Within the stand-alone benchmark, there are four separate sections which are each supposed to represent a different time of day in the game world. In order to compare in-game performance to these, we used two of the same situations the benchmark uses in a single run: daytime conditions with a few sunshafts thrown in at dawn. Our “Typical” sequence used an indoor / outdoor combination in the wastes while the “Worst Case” scenario was done in the city of Pripyat. Both tests were done with a typical three-minute walkthrough including some combat sequences.



Unfortunately, due to several differences between the benchmark’s options and those in the game itself, we had to replicate the settings as best we could. We are however confident that maxing out the settings in both applications resulted in what should have been aligned performance.

It looks like once again we have a situation where the stand-alone benchmark is not telling the whole truth about our tested cards. Somehow, it shows the HD 5850 clearly beating the GTX 470 in the minimum framerate department in some cases but even after several tries, we couldn’t replicate this result in the game itself. Nearly the same observation can be made about the HD 5850’s average framerates since the benchmark showed a massive gap between it and the GTX 470. In reality and in-game, the difference between the two cards was actually quite small.

In our opinion, the STALKER stand-alone benchmark is a welcome tool but not something that should be used for comparative articles where conclusions are usually based upon how well a card performs WITHIN a game.
 
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SKYMTL

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A Case for Timedemos

A Case for Timedemos


The ability to record and play back a timedemo is something many current games lack and the few games which have this feature are becoming extremely rare. They offer reviewers a means to use repeatable in-game sequences without having to resort to the sometimes-inaccurate run-throughs or (as we saw in the previous pages) play Russian Roulette with a stand-alone benchmark.

There has been some criticism levelled at timedemos for their supposed inability to accurately depict a gameplay situation due to the fact they run as fast as the famerate will allow them to. Does this perceived limitation have any impact upon the results they generate versus a true gameplay runthrough? In order to find out, we took Left 4 Dead 2 and Far Cry 2’s timedemo functions out for a test run.

In L4D2 we used our usual benchmarking sequence in the Atrium level while Far Cry 2 used our Village Assault sequence. In order to determine accuracy, on the first run-through we recorded the timedemo while on the second time around FRAPS was used to record the framerates. FRAPS was also used to determine framerates of the timedemo playback. Remember, these two sequences have been used for over two dozen reviews at multiple resolutions so we are well versed in ensuring one run to the next is virtually identical.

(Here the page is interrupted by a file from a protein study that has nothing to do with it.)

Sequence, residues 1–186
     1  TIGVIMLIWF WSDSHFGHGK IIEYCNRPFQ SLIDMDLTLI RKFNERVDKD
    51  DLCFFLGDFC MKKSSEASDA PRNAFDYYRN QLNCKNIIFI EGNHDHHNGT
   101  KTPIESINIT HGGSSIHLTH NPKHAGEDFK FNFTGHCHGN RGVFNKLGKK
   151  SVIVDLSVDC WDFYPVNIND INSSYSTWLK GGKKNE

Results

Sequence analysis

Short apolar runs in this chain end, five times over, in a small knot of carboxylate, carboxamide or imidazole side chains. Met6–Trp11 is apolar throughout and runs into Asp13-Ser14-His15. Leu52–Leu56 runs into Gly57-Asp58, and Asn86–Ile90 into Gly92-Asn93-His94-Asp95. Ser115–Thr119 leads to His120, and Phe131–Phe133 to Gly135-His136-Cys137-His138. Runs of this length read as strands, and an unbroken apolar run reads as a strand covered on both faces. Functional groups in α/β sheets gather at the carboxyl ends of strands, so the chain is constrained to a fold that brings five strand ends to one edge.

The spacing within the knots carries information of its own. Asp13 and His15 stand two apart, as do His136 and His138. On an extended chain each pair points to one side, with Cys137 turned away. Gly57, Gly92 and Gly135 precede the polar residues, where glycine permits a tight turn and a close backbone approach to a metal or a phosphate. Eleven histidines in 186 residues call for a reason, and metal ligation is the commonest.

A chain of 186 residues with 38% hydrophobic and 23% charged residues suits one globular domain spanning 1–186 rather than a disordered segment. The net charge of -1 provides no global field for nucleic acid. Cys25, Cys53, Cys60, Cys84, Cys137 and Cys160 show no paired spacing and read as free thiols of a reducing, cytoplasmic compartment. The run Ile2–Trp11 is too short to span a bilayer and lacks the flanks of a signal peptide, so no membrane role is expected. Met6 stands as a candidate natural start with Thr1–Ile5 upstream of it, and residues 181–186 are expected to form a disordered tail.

The difference between the timedemo and actually gameplay sequence in Far Cry 2 is marginal at best but then again, we have already shouted from the rooftops how good its built-in benchmarking tool is. For a bit of a different perspective, let’s move on to Left 4 Dead 2.


We see a bit more variation in this comparison than we did in Far Cry 2 but once again we don’t think a sub-3% difference is any reason to totally discount a benchmarking method. For all intents and purposes it looks like the few games that support timedemos provide accurate playbacks.

One of the main issues we have with timedemos is that so few games actually support them. Not only do they make life a whole lot easier (and more repeatable) from a reviewing perspective but they also allow publications such as Hardware Canucks to share our timedemos with our readers. This sharing could add a whole new dimension of transparency to online reviewing and help consumers make the right decision when it comes to buying products. We just hope more games will support this feature in the near future.
 
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SKYMTL

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Patches: A Gamer’s Best Friend, A Reviewer’s Nightmare

Patches: A Gamer’s Best Friend, A Reviewer’s Nightmare


When a developer updates their game, people usually rejoice in the fact that some bugs might actually be fixed. What many may not realize is that some pretty significant performance improvements may also be wrapped into a game update.

In the past, consumers usually needed to search high and low for game updates. Now applications like Valve’s Steam are providing services whereby games can be automatically updated in an easy and usually non-intrusive way. Unfortunately, many a reviewer out there will completely disable any updates (don’t deny it guys, you know you do) in order to avoid rebenching games every time a new update is released. We’ll even admit to doing this up until around 12 months ago when we finally saw the light so to speak.